• Simply wrap the gift like you would with paper, then tie a bow with the fabric itself.
  • For a wine bottle, Martha Stewart suggests putting a holiday card or family photo over the wine bottle’s label, and adding bells and twine.
  • Wrap the bottle in tinsel garland, and add a Christmas ornament for the finishing touch!

Another option for an oddly shaped gift is cellophane — it's supposed to look wrinkled, so you don't have to fight it.

Make a custom gift bag with wrapping paper

Another approach for an oddly shaped item is your own custom gift bag.

  • Cut enough gift wrap to cover the item, then add an extra inch.
  • Fold the paper in half and fold the other side so it overlaps by a half inch. Tape the edge down.
  • Fold the bottom edge up, make sure the width is enough to compensate for the width of the item you’ll be placing inside the bag.
  • Flatten the corners to make two triangles.
  • Next, fold the opposite edges to the middle and secure with tape.
  • Fluff your bag open and place your gift inside.
  • Close the bag and decorate with string, ribbons or ornaments. You can use a hole punch to run a ribbon through two holes and tie in a bow.

No wrapping paper? No problem

Say you have a last-minute gift and somehow failed to create a gift-wrap station. (How dare you!)

No problem: Stewart recommends wrapping items in plain paper, then using things from around the house to embellish — think stamps, stickers, glitter, gold paint, pinecones, bells or ornaments.

To make quick gift tags, use Christmas cards! Cut out a cute tag from a card, punch a hole in it and string some ribbon or twine through it.

Cut ribbon to size

  • The proper length for the overhang of a ribbon on a gift is from your wrist to your elbow, according to Luis Herrera of Williams-Sonoma.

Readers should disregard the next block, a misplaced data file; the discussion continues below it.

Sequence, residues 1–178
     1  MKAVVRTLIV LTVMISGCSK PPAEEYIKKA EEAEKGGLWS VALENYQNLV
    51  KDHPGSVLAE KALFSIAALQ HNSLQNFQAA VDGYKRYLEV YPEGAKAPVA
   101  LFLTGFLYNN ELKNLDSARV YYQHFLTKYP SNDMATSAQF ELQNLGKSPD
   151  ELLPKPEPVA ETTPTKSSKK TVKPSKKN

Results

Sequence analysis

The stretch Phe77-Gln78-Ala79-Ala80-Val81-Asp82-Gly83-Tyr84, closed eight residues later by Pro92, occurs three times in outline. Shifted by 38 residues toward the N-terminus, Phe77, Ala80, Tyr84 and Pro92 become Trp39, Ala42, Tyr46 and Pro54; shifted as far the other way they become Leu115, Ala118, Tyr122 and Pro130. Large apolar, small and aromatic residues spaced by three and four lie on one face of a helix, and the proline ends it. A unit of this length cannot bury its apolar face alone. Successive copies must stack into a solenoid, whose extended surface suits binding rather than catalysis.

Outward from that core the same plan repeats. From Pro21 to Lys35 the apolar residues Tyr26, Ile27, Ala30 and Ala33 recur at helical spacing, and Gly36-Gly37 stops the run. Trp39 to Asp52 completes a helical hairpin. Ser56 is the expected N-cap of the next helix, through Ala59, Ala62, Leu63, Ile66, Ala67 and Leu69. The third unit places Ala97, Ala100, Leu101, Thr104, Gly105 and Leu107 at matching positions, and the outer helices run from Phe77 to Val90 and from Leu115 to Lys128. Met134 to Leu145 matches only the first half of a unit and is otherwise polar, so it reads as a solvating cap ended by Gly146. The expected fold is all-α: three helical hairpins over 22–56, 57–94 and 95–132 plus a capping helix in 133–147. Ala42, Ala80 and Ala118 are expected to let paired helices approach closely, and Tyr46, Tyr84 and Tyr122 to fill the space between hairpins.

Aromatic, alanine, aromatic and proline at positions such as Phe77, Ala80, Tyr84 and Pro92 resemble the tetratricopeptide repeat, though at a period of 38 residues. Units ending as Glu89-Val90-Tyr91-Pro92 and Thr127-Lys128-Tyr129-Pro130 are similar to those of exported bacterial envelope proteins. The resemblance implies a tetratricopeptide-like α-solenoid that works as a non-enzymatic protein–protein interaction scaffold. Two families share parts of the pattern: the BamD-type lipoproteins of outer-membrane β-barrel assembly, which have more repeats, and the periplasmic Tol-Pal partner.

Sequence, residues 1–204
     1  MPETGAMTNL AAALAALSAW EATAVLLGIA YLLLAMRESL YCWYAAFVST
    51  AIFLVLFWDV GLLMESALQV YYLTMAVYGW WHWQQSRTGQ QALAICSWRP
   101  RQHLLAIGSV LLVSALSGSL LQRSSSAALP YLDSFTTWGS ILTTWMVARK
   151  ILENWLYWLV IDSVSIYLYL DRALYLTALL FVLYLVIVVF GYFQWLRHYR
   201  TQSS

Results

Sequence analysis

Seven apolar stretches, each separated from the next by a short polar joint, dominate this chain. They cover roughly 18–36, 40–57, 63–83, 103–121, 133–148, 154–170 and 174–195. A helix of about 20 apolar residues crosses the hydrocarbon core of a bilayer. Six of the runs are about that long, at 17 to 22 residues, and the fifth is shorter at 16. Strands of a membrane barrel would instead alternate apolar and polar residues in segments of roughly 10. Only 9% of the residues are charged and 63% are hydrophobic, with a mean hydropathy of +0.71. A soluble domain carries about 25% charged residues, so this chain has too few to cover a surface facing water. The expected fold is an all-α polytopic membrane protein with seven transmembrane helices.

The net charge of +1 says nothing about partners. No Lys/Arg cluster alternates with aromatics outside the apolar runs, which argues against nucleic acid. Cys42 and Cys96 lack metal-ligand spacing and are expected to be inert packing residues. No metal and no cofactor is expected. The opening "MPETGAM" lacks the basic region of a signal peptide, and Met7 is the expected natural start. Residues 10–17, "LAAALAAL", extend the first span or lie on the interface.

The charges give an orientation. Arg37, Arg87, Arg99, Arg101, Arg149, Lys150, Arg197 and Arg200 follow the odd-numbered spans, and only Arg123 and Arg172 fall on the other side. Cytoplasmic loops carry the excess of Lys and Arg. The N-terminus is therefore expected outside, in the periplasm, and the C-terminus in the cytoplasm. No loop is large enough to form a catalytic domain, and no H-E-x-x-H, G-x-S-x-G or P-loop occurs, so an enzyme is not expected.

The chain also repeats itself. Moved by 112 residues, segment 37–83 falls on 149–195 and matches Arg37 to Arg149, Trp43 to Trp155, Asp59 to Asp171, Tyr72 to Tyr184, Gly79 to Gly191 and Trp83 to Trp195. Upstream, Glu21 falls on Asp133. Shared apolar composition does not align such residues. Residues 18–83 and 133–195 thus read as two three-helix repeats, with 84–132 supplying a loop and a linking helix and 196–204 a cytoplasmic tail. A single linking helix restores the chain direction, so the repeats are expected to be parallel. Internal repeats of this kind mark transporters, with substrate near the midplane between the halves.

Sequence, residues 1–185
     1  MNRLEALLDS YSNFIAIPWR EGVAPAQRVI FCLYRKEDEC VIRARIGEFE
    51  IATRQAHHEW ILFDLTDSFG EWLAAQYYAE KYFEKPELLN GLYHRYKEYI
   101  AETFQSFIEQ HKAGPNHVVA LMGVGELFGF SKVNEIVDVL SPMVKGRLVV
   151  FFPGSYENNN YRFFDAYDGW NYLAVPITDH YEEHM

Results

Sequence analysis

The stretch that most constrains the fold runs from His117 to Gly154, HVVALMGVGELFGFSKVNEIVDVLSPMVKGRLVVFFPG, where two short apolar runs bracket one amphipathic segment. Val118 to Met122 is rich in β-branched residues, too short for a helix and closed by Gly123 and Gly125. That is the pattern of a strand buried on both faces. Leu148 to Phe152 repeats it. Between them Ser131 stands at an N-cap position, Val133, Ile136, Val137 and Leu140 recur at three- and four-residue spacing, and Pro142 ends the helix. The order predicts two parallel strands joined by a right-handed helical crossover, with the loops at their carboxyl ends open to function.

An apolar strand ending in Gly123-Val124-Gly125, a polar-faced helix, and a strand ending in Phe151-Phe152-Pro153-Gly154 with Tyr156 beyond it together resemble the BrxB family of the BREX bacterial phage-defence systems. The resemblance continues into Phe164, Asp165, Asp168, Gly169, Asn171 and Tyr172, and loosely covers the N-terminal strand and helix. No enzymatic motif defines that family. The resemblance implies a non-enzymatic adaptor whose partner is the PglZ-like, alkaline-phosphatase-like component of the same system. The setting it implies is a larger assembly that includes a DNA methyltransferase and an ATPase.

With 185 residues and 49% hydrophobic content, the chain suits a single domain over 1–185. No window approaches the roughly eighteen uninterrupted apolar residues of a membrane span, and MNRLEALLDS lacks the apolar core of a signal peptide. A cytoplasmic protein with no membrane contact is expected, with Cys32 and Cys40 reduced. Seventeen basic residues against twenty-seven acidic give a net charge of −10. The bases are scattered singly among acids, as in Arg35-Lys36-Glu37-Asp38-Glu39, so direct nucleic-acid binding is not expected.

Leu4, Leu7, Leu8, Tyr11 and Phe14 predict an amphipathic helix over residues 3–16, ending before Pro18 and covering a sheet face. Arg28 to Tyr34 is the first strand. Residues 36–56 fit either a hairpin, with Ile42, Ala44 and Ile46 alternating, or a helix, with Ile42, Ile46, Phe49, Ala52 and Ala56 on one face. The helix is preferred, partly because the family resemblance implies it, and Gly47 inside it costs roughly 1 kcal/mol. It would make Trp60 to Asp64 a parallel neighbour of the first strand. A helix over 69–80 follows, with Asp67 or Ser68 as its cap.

• Make two knots to keep the ribbon in place.
  • Use ribbon with wire to give the bow shape, then pinch with your fingers to give it more volume.
  • To shape the ends, fold in the edges and cut diagonally.
  • Use double-sided tape to secure the end of the ribbon to the box, leaving it loose to create more volume.

Think outside the box

Bryan Luterman of Neiman Marcus showed us an expert hack for a last-minute gift for dad. If you've got a shirt and tie, simply use the tie as a ribbon around the box.

Artist and gift-wrapping expert Alton Dulaney suggested completely camouflaging an oddly shaped gift by making a tricycle into a cardboard reindeer, for example.

Alternately, you can wrap something that looks exactly like what it is, like a doll house covered in colorful paper.

Elevate your embellishments

  • Consider velvet ribbon to elevate your wrapping with a simple bow.
  • Fabric can be tied on a package in place of ribbon.
  • Washi tape makes a great replacement for ribbon and won't budge.
  • Personalize your paper! Minted will create custom wrapping paper with your favorite family photos.
  • Or do it yourself — decorate plain wrapping paper or craft paper with a stamp or painted pattern.
  • Spruce up plain paper with a dry brush effect. (Watch this demonstration by Monica Mangin, co-founder of East Coast Creative!)
  • Use a label-maker to create custom and colorful to-from tags.

Mangin also suggests using clay to create a personalized gift tag that can be used as a coaster.